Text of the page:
While these unique technician positions can help a pharmacy run more efficiently, considering the current economic environment, many institutions may not have the funds available for new roles. To build a case for new positions at your institution, include points such as the benefits to patients and personnel, the regulatory implications of not adding the new positions, and the cost benefits.
To justify the position, it may be necessary to get creative about how the person hired is deployed. For example, if you are part of a health system, consider creating a system-wide position. The technician would travel between sites to conduct training and periodic quality assurance testing; their responsibilities do not have to be limited to sterile compounding either.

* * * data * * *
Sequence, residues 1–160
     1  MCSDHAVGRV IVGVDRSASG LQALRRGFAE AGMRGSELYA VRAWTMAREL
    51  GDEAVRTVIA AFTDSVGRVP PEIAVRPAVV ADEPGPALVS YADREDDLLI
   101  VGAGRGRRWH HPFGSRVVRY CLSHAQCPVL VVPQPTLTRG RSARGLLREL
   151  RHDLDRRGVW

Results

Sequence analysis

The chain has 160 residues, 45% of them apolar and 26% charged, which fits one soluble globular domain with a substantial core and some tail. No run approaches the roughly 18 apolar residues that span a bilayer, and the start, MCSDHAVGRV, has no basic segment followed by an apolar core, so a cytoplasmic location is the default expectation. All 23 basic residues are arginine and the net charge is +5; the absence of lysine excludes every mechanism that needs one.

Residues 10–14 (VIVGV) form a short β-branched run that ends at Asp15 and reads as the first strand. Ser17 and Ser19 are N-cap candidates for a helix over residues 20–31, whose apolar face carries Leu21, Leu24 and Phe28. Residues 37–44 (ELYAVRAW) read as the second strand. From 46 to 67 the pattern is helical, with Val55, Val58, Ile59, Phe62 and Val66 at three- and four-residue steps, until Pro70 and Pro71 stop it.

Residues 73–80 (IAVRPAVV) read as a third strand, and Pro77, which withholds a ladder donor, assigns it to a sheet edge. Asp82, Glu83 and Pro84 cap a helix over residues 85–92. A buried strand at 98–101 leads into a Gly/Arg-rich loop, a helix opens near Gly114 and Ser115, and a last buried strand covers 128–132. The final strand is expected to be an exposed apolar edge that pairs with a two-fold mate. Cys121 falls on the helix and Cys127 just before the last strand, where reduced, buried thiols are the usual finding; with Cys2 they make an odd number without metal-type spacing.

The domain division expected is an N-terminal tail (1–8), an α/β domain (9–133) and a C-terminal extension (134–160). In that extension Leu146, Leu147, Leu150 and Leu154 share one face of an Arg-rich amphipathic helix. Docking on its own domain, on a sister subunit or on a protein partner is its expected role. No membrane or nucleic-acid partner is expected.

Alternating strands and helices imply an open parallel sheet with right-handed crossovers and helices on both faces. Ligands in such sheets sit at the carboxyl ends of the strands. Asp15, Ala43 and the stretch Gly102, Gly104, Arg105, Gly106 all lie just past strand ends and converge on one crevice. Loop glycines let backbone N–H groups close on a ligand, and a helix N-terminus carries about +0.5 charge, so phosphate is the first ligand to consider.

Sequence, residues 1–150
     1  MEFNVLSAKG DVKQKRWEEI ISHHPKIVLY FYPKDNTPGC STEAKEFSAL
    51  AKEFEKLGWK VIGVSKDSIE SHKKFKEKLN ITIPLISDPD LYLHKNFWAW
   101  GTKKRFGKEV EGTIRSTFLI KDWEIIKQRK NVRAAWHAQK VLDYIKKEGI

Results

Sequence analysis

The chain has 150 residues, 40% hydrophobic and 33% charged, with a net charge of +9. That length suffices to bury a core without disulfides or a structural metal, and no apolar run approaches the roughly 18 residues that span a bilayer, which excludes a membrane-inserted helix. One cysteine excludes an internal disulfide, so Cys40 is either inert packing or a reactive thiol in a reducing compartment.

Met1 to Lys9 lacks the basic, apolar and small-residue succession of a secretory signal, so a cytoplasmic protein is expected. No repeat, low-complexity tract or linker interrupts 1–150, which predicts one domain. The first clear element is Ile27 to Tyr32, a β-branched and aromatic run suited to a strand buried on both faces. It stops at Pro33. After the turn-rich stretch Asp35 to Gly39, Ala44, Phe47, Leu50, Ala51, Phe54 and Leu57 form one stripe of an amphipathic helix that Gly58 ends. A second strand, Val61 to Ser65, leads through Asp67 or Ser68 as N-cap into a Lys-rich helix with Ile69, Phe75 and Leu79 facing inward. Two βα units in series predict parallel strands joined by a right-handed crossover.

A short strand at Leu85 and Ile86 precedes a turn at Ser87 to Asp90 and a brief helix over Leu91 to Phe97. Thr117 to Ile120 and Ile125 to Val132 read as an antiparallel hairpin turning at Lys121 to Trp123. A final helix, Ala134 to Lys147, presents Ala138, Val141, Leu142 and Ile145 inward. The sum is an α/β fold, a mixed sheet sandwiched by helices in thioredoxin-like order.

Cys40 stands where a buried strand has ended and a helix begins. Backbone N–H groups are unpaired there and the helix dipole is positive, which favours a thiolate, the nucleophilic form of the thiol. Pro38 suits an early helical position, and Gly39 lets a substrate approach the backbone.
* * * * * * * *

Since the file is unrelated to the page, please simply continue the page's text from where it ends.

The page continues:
When it comes to the training of technicians performing any duties within the sterile compounding area, at the very least, they need to be held to the USP Chapter training requirements for compounding sterile products. These baseline skills can then be built upon depending on the duties to be performed. For instance, if the technician will be responsible for overseeing all of the media fill testing, they should not only pass their own media fill test, they also should be witnessed proctoring a media fill test appropriately to another employee and completing proper documentation.